Same-sex couples are to be allowed to adopt children in the state of Queensland, if proposed amendments to its Adoption Act are passed.
The amendments, which will be introduced in August, would allow same-sex couples to adopt as well as single people and those undergoing IVF treatment.
Unveiled by Communities Minister Shannon Fentiman, the amendments would also remove the office and penalty for a breach-of-contract statement for pre-1991 adoptions.
The move would bring Queensland in line with New South Wales, Western Australia and the Australian Capital Territory in allowing adoption by singles and same-sex couples.
“We are one of the few remaining states that does not allow same-sex couples to adopt but we are now overturning that legislation and that discrimination,” Ms Fentiman said.
“This ensures the laws reflect community standards and expectations as well as meet the needs of children who require adoption now and into the future.”
Noting a drop in the number of adoptions, with less than 50 children adopted in the past year, Ms Fentiman said this would allow partners who are step-parents, carers or legal guardians could adopt.
Speaking to SBS, Shelley Argent, a spokesperson for PFLAG, said: “People who are opposed to same-sex couples having children, they forget it’s not just the parents and the child, it’s grandparents and extended family (who are effected),” she said.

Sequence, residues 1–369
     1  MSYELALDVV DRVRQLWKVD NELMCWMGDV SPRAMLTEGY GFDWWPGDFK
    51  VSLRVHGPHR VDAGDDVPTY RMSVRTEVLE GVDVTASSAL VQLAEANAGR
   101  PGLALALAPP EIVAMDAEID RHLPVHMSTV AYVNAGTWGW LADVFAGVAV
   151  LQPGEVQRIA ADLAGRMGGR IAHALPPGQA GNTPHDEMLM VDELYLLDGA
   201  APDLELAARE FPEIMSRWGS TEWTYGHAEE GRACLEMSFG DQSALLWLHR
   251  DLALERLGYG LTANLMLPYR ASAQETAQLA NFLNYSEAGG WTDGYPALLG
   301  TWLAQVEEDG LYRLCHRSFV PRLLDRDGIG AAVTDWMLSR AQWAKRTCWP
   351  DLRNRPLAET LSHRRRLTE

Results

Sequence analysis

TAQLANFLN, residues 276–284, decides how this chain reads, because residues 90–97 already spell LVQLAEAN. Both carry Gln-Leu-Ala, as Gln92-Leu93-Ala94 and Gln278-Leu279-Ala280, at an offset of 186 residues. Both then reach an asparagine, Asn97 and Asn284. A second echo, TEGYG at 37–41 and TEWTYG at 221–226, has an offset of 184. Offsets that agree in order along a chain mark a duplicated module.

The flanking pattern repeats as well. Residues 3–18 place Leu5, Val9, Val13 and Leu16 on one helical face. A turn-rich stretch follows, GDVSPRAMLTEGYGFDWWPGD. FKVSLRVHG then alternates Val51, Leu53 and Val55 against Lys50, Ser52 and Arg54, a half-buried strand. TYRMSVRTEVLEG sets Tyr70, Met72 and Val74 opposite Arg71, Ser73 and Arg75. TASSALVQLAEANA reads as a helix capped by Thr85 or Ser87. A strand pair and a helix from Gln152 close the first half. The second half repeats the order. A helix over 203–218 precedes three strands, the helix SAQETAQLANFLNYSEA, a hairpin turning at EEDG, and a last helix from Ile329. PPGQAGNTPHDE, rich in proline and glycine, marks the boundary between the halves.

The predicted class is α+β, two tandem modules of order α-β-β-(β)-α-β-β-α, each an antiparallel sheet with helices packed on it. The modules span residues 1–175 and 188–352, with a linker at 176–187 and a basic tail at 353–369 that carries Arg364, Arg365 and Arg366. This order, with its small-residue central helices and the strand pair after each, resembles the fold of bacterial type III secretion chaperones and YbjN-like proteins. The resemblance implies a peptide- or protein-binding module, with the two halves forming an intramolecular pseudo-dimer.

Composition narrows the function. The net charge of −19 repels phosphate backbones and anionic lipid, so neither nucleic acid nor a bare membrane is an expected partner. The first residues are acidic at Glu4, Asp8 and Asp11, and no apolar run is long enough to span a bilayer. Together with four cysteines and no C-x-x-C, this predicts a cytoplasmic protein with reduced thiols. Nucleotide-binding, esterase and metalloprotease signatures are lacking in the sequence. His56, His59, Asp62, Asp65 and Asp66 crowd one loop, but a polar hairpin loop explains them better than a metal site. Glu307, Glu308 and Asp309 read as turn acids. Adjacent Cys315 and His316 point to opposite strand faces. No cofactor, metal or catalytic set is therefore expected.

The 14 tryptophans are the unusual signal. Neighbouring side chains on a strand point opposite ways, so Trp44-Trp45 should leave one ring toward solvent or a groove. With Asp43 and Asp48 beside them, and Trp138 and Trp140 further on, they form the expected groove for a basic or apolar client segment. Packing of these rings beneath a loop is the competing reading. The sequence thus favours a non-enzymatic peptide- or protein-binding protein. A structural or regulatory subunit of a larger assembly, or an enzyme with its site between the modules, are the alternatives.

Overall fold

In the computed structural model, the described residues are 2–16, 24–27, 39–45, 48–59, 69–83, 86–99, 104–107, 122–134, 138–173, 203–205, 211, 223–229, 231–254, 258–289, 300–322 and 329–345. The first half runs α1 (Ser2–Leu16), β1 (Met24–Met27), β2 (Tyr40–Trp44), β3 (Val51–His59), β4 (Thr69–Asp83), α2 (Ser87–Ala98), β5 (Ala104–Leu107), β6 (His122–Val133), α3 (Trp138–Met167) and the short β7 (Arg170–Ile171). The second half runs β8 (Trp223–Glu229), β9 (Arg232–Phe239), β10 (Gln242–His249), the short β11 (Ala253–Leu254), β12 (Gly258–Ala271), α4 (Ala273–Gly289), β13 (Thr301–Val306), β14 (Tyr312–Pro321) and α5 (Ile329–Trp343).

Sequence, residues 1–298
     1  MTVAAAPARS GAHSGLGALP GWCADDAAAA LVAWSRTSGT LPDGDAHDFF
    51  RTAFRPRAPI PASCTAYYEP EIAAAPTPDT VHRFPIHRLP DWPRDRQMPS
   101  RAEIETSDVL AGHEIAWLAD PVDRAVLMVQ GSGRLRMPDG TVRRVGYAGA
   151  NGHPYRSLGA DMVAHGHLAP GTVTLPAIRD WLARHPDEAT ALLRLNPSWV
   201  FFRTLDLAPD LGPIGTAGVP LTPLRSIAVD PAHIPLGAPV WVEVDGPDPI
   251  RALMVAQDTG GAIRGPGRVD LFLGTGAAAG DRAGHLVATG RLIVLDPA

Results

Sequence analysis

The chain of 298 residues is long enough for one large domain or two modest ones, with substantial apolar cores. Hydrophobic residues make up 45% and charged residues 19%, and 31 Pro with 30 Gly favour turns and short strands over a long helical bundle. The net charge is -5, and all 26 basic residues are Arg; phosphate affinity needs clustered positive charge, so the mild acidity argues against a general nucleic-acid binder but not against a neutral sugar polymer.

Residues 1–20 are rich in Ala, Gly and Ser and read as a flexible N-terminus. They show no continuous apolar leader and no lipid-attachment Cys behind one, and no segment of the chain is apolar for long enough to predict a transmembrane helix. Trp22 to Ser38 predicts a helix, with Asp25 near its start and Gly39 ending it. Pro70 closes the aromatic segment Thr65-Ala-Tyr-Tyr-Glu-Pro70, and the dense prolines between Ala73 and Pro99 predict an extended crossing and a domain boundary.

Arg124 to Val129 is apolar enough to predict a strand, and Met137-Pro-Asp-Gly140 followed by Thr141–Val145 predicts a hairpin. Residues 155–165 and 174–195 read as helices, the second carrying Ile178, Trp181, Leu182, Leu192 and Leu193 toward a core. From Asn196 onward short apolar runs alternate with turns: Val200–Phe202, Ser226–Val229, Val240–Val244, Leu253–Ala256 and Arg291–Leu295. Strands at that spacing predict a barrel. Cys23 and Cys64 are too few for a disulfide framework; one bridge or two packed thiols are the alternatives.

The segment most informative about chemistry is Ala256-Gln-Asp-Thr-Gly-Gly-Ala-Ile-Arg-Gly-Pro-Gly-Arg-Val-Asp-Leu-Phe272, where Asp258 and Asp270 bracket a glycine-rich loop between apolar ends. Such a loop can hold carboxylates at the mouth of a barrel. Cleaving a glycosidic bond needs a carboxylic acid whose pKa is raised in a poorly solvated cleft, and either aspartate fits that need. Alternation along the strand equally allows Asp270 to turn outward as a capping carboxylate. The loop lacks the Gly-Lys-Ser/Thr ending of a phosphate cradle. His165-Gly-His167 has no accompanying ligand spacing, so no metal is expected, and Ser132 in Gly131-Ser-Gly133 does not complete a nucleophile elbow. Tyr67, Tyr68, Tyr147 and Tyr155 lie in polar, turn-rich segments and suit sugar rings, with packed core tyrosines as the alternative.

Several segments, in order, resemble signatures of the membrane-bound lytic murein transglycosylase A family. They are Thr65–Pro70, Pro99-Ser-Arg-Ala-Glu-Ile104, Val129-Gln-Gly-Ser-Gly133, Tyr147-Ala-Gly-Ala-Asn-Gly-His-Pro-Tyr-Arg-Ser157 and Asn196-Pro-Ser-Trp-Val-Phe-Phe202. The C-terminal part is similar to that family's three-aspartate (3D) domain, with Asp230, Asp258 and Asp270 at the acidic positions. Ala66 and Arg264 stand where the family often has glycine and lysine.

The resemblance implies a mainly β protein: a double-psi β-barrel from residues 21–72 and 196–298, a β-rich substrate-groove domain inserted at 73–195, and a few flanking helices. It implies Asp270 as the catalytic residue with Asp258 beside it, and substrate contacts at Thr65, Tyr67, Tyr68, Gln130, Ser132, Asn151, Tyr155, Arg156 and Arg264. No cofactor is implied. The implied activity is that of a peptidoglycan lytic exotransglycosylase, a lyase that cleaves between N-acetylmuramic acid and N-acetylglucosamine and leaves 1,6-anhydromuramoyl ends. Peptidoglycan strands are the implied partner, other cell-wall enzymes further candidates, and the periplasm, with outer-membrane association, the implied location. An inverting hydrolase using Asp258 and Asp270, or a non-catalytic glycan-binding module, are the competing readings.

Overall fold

“We will now have these children officially in our lives.”
The proposed changes come amid a lengthy battle around same-sex marriage in Australia with no clear end in sight.
The country’s right-wing Prime Minister Malcolm Turnbull has repeatedly blocked free Parliamentary votes on equal marriage, instead making plans to take the issue to the public in a plebiscite (public vote) to avoid a rift with his own conservative anti-LGBT MPs.
Having already agreed to stall the issue until after last month’s federal election, Turnbull – who now holds a wafer-thin majority – has promised to bring forward the plebiscite plan as soon as possible, later this year.
But the move is contentious due to the lack of public opposition to equal marriage, with every major poll on the issue finding the plebiscite result a foregone conclusion.
The opposition Labor Party has attacked the plebiscite is a costly stalling tactic from Turnbull’s Coalition, bringing a human rights issue to a public vote for political reasons. Labor plans to bring a rival private members’ bill on equal marriage, to secure the reform through a simple vote in Parliament.
Estimates for the controversial vote by the Australian Electoral Commission place the vote at a cost of AUD$158 million (£84 million), but the true cost could over half a billion Australian dollars, according to PriceWaterhouseCoopers.